Hung out to dry

America must come to aid of struggling middle class

August 01, 2004|By Elizabeth Warren and Amelia Tyagi

THEY TEACH America's children. They build our bridges and highways. They keep our streets safe and our factories running. They fight our wars and protect our peace. They raise the children who will be America's future. And they should be the centerpiece of presidential and congressional campaigns across the country.

They are America's middle class.

And they are in trouble.

Since 2000, family incomes have remained stagnant while costs for the basics - a home, health insurance, utilities, gasoline, day care, college tuition - have surged by an average of 24 percent. All those critics who want to point a finger at middle-class families for buying "too much stuff" should face the fact that rising prices for the basics have left these families with less money to spend on extras - an enforced budgetary limit that they cannot escape.

The struggle to pay for the basics is taking its toll. Debt for a typical middle-class family has soared to an all-time high, now 113 percent of total annual income. And the number of families who have fallen behind on their credit cards and other bills has increased sharply.

As paying the bills gets harder, families have less to put aside for the future. Personal savings, which once stood at a solid 11 percent of income, are now near zero. In just the past three years, mortgage foreclosures have increased by 45 percent and bankruptcies are up 33 percent. Today, more children live through their parents' bankruptcy than their parents' divorce. In fact, this year, more people will file for bankruptcy than graduate from college.

Middle-class families are taking another hit. In all the front-page stories about employment numbers, the cost of gasoline and the high price of health insurance, there is one staggering increase in expenses that has been ignored: Since 2000, the average cost of child care in this country has jumped 18 percent. An average working family with two young children in day care now spends about $12,910 per year on child care, up from $10,860 in 2000.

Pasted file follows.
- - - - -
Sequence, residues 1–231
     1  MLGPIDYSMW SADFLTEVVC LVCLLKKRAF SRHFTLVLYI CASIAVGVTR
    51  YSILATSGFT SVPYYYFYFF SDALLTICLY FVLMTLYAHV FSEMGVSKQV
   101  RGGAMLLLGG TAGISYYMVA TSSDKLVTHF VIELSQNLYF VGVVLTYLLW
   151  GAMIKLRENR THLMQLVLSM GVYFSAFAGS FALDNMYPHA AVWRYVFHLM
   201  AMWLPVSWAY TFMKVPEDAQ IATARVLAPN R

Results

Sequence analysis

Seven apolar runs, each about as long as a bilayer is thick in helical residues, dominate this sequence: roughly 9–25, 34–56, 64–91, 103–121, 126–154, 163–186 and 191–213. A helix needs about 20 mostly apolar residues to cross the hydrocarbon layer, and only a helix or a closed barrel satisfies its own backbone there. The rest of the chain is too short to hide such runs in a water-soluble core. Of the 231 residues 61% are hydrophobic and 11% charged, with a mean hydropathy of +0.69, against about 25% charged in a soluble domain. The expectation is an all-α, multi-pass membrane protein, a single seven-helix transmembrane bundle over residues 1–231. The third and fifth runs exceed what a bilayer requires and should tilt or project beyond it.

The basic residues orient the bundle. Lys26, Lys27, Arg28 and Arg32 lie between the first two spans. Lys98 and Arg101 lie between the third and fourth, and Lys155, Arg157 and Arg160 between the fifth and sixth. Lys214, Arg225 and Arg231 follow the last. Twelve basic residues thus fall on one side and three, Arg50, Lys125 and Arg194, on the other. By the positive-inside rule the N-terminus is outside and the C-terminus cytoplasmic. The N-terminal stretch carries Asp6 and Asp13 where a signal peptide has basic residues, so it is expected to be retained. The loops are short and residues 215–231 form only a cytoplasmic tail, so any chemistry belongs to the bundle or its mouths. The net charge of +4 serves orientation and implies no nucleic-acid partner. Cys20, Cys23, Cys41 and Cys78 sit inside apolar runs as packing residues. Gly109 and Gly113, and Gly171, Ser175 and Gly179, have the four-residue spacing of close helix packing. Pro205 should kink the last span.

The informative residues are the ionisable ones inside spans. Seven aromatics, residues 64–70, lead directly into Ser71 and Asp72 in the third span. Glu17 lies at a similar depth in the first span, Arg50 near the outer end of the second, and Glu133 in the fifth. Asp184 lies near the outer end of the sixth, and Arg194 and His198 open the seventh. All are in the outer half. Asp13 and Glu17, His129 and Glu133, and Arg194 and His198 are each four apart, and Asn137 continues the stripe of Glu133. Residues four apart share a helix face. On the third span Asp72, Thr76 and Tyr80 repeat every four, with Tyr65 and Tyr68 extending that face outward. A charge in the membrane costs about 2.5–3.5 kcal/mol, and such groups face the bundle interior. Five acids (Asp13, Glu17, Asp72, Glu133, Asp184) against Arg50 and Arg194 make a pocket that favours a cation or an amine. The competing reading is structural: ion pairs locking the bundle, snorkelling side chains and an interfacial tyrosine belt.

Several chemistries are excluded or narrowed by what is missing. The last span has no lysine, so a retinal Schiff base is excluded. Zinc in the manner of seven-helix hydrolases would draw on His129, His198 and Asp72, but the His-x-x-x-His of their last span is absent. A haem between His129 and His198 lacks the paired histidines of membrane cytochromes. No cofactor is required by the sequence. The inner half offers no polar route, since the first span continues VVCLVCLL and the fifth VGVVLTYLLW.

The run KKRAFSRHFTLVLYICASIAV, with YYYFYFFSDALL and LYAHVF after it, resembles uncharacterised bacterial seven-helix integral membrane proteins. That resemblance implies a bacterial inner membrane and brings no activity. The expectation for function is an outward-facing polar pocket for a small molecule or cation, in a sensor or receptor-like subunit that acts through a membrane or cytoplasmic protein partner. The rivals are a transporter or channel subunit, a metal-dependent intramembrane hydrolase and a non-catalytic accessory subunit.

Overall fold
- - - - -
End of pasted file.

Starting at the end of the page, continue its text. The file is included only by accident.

The American middle class is under assault, squeezed on every front. It is time to turn attention to the middle, to focus on policies that strengthen the vitality of our once great middle class. They are:

Education. America must offer a quality education for all children, so that no child will be stuck in an inadequate school and no parents will feel the need to bankrupt themselves with a high-priced house they can't afford just to locate their children in a passable public school district.

Universal preschool should be made available to every child, relieving families of the need to spend the equivalent of two years' college tuition just to get their kids ready for kindergarten. And affordable college must become a reality, so that young people will not be required to take on the equivalent of a home mortgage before they ever collect their first real paycheck.

Medical care. This year, more than 800,000 families will file for bankruptcy in the wake of an illness or accident. The uninsured need access to affordable insurance, but we cannot stop there. America needs to get serious about controlling health care costs so that health insurance alone does not threaten to bankrupt struggling businesses and hardworking families.

Debt and savings. It is long past time to crack down on predatory and fraudulent lending practices that fatten corporate lenders with record profits by draining money from hardworking Americans. And tax policy should be redesigned to help middle-class families build their safety nets by favoring all forms of savings - not just retirement or college savings.

An agenda aimed at the middle helps all Americans, including the poor and the wealthy. Strong public schools, affordable medical care and honest financial markets help everyone. A resilient and vital middle class can lead the way to stronger economic growth that helps all Americans - rich, poor and in between.

Today, the middle class is often stretched too thin to support policies that would take more from their pockets to help others. Meanwhile, the rich are moving toward isolating themselves and their children from the rest of America. We risk fracturing into disparate groups, divided and jealously guarding whatever benefits we have gained, supporting separate identities instead of the country's shared identity as part of one great American middle class.

The middle class has borne one economic blow after another - rising costs, stagnating incomes, layoffs and rising medical costs and less access to health insurance. It is not only fitting that the presidential campaign turn to issues about the middle, it is essential. A strong middle class is the very heart of a strong America.

Elizabeth Warren and Amelia Tyagi are co-authors of The Two-Income Trap: Why Middle Class Mothers and Fathers Are Going Broke.

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